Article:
As we go into the 20th century, the collection of netsuke is passed to Edmund’s grandparents in Vienna, and we read of the opulent lifestyle so abruptly brought to a close with the unification of Germany and Austria under Hitler. These events are immediately followed by persecution of the Ephrussis along with many other Jewish families. The bank is sequestered by the Nazi regime and their opulent house is ransacked and looted, with the family being allocated just two small rooms at the back of the house.
Their Aryan servant Anna is employed by the Nazis to pack up the household’s belongings into crates, but Anna takes it upon herself to hide the netsuke, three or four at a time, in hear apron pocket. When Edmund’s grandmother returns to Vienna after the war (they had managed to escape to Britain just as doors were closing), she meets up with Anna again, who returns the netsuke to her. These little Japanese figures have had a chequered history indeed and they now seem firmly destined to eventually end up in London with Edmund, despite a long period when they were passed to his Uncle Iggie in Tokyo.
Edmund de Waal has turned out to be a more than satisfactory caretaker for the next stage of the journey of these little Japanese carvings. They already have a long and tumultuous history but are currently at rest in Edmund’s North London home.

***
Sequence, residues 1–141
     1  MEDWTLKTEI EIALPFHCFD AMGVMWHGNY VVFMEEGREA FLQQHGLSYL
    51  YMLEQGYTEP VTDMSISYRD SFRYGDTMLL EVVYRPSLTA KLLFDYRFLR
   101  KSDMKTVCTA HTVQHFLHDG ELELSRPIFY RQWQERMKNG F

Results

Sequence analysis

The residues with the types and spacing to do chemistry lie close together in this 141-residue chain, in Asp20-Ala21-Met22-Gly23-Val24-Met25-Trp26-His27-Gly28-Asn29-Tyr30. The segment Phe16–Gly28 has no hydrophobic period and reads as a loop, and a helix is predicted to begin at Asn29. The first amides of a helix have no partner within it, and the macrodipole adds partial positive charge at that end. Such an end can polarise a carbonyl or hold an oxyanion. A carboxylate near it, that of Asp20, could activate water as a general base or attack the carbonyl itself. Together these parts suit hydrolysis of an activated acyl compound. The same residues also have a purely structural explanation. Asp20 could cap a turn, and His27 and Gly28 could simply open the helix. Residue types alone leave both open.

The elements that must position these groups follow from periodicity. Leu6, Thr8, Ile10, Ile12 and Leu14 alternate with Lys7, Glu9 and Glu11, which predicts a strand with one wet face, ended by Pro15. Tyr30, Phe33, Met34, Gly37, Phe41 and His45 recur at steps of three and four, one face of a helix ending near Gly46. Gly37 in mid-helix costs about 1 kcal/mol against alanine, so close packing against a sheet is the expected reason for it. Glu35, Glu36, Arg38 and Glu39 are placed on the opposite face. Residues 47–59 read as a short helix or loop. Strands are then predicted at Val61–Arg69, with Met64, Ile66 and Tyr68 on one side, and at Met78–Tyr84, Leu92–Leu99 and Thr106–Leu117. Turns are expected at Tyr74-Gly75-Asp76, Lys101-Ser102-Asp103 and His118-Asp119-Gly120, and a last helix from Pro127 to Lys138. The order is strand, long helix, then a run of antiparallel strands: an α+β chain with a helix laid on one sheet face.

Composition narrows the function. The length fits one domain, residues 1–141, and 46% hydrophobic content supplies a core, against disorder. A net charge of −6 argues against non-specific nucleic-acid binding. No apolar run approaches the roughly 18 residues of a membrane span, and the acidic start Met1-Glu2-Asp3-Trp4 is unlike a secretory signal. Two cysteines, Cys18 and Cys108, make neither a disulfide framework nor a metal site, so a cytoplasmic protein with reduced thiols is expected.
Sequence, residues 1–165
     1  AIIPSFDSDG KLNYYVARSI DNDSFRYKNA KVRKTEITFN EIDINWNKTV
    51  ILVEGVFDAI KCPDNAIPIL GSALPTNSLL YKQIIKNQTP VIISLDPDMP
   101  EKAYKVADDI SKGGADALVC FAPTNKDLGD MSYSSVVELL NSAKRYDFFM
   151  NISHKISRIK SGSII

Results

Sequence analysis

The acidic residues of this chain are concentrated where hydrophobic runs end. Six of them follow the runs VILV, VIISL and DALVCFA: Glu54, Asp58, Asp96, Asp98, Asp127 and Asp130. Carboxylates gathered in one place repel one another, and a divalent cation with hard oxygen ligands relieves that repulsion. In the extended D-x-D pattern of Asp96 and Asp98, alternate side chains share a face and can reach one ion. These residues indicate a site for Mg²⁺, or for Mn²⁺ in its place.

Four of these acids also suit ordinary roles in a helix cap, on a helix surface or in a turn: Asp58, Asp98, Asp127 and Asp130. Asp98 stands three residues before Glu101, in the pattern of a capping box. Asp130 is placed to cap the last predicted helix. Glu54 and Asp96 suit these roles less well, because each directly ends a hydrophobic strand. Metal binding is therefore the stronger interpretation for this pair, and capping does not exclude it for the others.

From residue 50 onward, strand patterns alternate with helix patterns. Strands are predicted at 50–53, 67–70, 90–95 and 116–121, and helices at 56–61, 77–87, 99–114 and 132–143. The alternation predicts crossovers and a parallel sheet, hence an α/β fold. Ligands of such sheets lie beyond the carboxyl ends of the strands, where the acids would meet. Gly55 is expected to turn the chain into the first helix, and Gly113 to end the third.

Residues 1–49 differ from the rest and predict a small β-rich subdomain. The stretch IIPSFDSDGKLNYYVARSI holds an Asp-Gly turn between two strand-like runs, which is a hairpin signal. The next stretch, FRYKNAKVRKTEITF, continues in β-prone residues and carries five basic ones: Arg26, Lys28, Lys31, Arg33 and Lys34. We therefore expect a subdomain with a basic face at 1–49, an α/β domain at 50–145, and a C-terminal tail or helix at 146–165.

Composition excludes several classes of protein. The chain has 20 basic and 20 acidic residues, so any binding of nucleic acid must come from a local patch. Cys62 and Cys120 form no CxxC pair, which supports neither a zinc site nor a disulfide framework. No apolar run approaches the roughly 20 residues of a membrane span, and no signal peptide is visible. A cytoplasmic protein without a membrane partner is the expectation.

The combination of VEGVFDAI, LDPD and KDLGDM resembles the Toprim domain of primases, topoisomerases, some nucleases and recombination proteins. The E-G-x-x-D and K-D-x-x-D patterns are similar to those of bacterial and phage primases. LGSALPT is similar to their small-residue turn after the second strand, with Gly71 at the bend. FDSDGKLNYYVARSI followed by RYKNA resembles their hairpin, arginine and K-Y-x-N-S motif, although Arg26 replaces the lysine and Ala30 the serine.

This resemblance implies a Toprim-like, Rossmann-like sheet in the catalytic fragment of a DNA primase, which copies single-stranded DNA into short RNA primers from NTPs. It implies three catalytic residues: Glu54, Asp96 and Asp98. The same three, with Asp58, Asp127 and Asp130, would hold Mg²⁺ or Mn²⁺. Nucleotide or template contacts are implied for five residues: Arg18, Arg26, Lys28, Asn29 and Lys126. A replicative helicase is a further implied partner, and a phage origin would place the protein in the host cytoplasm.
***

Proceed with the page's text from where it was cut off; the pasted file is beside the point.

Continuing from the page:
The Hare with Amber Eyes is a lovely book. I have read similar accounts of family history where too much is assumed, where scenes are guessed at, conversations created where none could possible be recalled, and personalities are elaborated until they are far too larger than life. Edmund de Waal seems to be a very careful writer. He has only written about what he knows and what he can prove from primary sources. This gives the book a far greater sense of authenticity than many others. In addition, as an artist himself and a creator of fine porcelain objects, he is well suited to trace the course through of these netsuke over the last 150 years – he is wholly equipped to understand the meaning of such things and is adept at communicating his love for them with his readers.
All this matters because my job is to make things. How objects get handled, used and handed on is not just a mildly interesting question for me. It is my question. I have made many, many thousands of pots. I am very bad at names, I mumble and fudge, but I am good on pots. I can remember the weight and balance of a pot, and how its surface works with its volume. I can read how and edge creates tension or loses it . . . I can see how it works with the objects that sit nearby. How it displaces a small part of the world around it.
The book is nicely produced and is illustrated with in-text photographs of Edmunds family and the places they lived in. The only omission is pictures of the netsuke themselves. Fortunately a few images of his collection are online here and here.
See a video of Edmund de Waal talking about the ceramic collection at the Victoria and Albert Museum here